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An 86 Year Old Ironman Inspiration!

>> Thursday, August 25, 2016

In line with last week's post about the amazing Olympic athletes, here's a woman who inspires me to the ends of the earth - meet Madonna Buder, who holds the world record for the oldest person to ever complete an Iron Man triathlon, at the age of... 82!

Buder caught the triathlon bug a little later in life, completing her first triathlon at age 52 and her first Ironman at age 56.  She has completed over 325 triathlons, including 45 Ironman distances (an Ironman is a 3860m swim, 180km bike, followed up by a 42km marathon run).

Now 86 years old, Buder is an inspiration to athletes everywhere, and was even featured in a Nike ad that was aired during the Olympics.

Way to go!!  Thanks so much to my friend Chantelle for telling me about this amazing woman.

Follow me on twitter! @drsuepedersen © 2016


Olympic Games - Best Weight At All Sizes

>> Wednesday, August 17, 2016

It has been a real inspiration and thrill to watch the elite athletes of the world compete at the Rio 2016 Summer Olympic Games.  Over the last couple of weeks, we have enjoyed watching a wide range of sports, from swimming, to basketball, to gymnastics, to track & field, and so much more.

Take a moment and consider the variation in body shapes and sizes amongst this year's incredible athletes:

Each of these sports have a fierce demand for the highest level of physical ability, the nature of which is unique to each individual sport.  Some require intense upper body strength, while others are more lower body oriented; some high anaerobic capacity; others are all about endurance.

I see a similar diversity in body shape and size in the athletes in my clinical practice as an endocrinologist: marathoners, crossfitters, cyclists, swimmers, football players, and so many others.  The sad reality is that those who are of larger body size will often tell me that they feel judged and assumed to be inactive or 'lazy' based on their shape and size by people who have absolutely no idea what that person is all about.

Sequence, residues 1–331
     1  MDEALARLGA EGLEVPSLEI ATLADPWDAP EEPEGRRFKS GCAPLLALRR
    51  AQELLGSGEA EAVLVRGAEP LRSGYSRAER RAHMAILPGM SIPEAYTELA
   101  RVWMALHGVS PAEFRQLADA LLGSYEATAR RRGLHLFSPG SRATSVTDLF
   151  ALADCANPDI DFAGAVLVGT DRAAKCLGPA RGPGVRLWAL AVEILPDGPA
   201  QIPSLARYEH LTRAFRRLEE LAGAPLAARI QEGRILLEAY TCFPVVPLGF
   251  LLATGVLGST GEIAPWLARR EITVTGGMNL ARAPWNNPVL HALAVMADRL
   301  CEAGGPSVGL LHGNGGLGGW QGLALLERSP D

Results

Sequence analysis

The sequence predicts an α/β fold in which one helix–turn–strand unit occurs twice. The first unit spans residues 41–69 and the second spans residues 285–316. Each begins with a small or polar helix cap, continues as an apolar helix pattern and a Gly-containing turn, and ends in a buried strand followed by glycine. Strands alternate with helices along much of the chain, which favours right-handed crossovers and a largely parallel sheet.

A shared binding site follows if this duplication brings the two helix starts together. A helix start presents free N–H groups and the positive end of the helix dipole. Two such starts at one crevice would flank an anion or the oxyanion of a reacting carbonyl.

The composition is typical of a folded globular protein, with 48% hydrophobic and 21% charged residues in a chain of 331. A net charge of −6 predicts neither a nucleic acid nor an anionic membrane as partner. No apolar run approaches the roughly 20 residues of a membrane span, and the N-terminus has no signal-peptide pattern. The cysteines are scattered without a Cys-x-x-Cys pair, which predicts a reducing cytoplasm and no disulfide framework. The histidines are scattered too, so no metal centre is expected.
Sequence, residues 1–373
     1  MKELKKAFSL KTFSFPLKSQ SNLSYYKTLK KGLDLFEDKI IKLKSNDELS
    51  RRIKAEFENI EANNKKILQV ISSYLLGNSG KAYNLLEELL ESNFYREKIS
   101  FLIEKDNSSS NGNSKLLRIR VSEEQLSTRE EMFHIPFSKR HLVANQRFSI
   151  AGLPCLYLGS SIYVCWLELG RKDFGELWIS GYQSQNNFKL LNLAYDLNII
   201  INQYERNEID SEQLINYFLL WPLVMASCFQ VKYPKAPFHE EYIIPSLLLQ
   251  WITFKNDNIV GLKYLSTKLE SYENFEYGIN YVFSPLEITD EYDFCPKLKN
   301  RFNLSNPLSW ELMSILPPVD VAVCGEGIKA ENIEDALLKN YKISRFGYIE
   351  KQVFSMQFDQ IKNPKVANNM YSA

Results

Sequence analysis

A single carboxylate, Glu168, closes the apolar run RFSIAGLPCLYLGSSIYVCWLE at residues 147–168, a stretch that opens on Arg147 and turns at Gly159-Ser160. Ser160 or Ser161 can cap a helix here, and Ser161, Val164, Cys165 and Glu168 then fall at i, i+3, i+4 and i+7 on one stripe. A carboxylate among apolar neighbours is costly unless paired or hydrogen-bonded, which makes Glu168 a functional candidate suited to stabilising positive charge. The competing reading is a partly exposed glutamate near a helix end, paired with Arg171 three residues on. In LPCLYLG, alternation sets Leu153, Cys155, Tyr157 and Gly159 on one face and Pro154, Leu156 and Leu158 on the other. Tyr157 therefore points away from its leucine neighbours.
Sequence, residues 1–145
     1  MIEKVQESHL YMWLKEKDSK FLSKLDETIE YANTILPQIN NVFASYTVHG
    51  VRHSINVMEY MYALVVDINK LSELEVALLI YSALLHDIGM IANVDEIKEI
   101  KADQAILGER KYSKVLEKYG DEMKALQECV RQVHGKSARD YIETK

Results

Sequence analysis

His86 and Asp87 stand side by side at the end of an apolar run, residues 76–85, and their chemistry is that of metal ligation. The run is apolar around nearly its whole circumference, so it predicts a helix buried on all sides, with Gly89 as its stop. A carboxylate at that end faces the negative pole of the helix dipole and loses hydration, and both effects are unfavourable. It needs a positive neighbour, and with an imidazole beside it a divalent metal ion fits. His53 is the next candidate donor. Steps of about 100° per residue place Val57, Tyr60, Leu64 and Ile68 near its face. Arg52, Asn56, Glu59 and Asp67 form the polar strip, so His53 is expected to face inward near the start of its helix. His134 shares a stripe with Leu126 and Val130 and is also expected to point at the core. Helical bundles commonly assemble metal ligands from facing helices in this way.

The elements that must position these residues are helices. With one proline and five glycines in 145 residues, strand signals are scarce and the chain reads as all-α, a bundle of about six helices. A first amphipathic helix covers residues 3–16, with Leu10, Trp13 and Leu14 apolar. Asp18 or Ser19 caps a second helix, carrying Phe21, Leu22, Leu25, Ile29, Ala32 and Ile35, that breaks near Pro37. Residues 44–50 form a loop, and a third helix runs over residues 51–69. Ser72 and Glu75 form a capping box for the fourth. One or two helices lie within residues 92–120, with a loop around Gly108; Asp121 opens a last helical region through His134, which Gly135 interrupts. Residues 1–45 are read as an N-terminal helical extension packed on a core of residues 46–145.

There is no more poignant reminder than watching these incredible Olympic athletes to never judge a book by its cover.

Follow me on twitter! @drsuepedersen © 2016


Do Electric Assist Bikes Count As Exercise?

>> Thursday, August 11, 2016

While highly frowned upon when snuck into the Tour de France (are you kidding me?!), electric bikes can be a very useful piece of equipment to zip around town.  These are bicycles that are equipped with electrical assistance, which is activated only when the rider is actively pedalling.  You may wonder – does using these bikes still count as exercise?  A recent study tells us – yes!

The study, published in the European Journal of Applied Physiology, enrolled 20 people who led sedentary lifestyles, and evaluated several measures of health after 4 weeks of using the electrically assisted bike for at least 40 minutes, three days per week. 

They found that using the ‘pedelec’ bikes provided a moderate level of exertion, similar to walking (4.9 METs on average).  After just 4 weeks, there was an improvement in their glucose tolerance, and an increase in their power output and VO2max (a measure of maximal aerobic capacity).    Participants also found the bikes to be fun, to the point where over half of participants ended up cycling over 50% more than the required amount.

So, while using a regular bicycle would provide more exercise, a pedelec bike is a great option for people who have knee problems, struggle to get uphill on a bike, or if you want to get further in a day than you otherwise would on a regular bike.  (We used them on a trip Kyoto last year so we could make it to all the far flung temples we wanted to see – fantastic!)    Pedelecs remove the potential deterrents of cycling such as longer distances or hills, and they can be incorporated into daily life as a means of transport when the weather/climate permits (rather than having to find specific extra time in the day to exercise).  

Follow me on twitter! @drsuepedersen © 2016


Does Exercise Improve Fatty Liver Disease?

>> Wednesday, July 27, 2016